Wow, was this ever shaping up to be quite the cultural exchange. After last year’s inaugural exchange, this year 50+ students and teachers from Costa Rica would brave a two week winter wonderland in Wisconsin in January, and after receiving consecutive weekend snowstorms in December, I assumed snow would be the least of our worries.
Fast forward to our 40 degree arrival and having to strain my eyes to pick out any recognizable snow banks as we pulled into the high school parking lot Friday night in Madison, WI. Besides staying with a family and practicing English, snow was a key trip feature that had enticed students to come in the first place.
Maybe they wouldn’t miss the snow (I sure wouldn’t) and I could smooth the disappointment by blaming global warming (assuming they believed that I believed it was real). Luckily, there was a big enough distraction for the lack of snow, and that was the Presidential inauguration, which was happening the day we arrived.
Students were quick to sprint into their families arms at the pickup, probably due to not having any winter clothes, but just as much due to the excitement of meeting the family. It couldn’t have been long before the topic came up though, as the town was abuzz with the Women’s march scheduled to happen the first full day the students were in town. Those students that were interested were treated to an opportunity of a lifetime to see the march.
There is never not a good time for a cultural exchange, but there are times when exchanges are more necessary than others, and the next four years will definitively be important for cultural exchanges. Especially with all the fake news and demeaning rhetoric, personal experience is going to end up being the only credible means to get an authentic view of the United States and its people.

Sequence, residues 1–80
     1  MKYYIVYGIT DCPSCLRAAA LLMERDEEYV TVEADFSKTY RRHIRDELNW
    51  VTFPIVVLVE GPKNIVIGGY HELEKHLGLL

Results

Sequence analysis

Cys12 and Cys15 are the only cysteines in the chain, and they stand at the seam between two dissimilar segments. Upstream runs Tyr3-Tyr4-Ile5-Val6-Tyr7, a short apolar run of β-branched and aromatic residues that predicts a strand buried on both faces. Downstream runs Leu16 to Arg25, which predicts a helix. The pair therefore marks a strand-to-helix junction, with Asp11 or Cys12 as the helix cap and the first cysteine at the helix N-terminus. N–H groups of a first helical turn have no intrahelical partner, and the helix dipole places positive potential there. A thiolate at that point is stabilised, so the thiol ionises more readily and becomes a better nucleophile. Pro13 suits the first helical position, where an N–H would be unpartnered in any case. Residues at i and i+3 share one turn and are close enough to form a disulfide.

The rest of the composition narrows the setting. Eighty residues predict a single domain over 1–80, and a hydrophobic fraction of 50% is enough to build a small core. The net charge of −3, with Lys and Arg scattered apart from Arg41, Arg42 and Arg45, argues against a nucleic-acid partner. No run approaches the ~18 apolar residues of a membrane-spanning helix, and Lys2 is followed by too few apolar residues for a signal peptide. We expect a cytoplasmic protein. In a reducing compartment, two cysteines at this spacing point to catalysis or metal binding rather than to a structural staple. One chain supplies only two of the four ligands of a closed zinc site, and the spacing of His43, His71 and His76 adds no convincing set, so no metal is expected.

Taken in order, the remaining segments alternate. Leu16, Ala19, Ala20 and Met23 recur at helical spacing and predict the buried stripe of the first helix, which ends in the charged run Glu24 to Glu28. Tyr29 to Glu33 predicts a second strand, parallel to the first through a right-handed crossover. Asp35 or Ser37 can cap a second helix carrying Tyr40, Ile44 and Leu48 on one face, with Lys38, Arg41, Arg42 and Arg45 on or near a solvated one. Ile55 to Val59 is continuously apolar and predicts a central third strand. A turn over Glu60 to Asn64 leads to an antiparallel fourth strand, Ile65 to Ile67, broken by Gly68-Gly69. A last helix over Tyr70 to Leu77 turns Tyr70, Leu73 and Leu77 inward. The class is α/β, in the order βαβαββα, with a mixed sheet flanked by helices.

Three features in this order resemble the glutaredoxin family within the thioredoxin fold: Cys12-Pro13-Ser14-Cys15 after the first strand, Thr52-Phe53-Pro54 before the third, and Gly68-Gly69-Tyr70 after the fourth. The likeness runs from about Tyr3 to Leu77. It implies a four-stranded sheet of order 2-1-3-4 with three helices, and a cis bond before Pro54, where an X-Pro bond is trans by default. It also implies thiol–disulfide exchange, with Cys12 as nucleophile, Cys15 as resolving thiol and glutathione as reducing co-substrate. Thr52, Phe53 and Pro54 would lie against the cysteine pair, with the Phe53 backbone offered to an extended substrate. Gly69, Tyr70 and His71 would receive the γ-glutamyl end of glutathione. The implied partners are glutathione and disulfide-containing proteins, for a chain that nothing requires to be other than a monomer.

So there was plenty to chat about our first weekend, but still no snow. Wednesday was our big Chicago outing, so at least the huge skyscrapers could take our minds off the lack of snow. At this point, we had
had to cancel our sledding and move ice skating to indoor venues, which hadn’t bothered the students one bit, however I felt like we were letting them down. Fortunately, there was some snow in the forecast for the Chicago trip, but nothing to get excited about, yet.
One thing I always joked with the teachers was how difficult it is to plan a snow day into the itinerary. We had to assure that all our host schools would close for the day and then figure out how to rearrange the schedule to still get everything in around the snow day.
Well sure enough, the day of the Chicago trip we began the day under a winter weather watch. Our departure was scheduled for 6:30am and by 6am the first host school had already closed for the day. That was great for those students, but I was still inclined to get them on the bus so they wouldn’t miss out on Chicago. Then, about 15min later, Madison schools closed. That knocked out another school and we only needed one more school to close for the trifecta. Madison schools are one of those districts where they only close if they are expecting the worst, so based on that information I was ready to cancel the trip and send the remaining students to the high school to shadow, when the message board began lighting up signaling that their school had been closed too.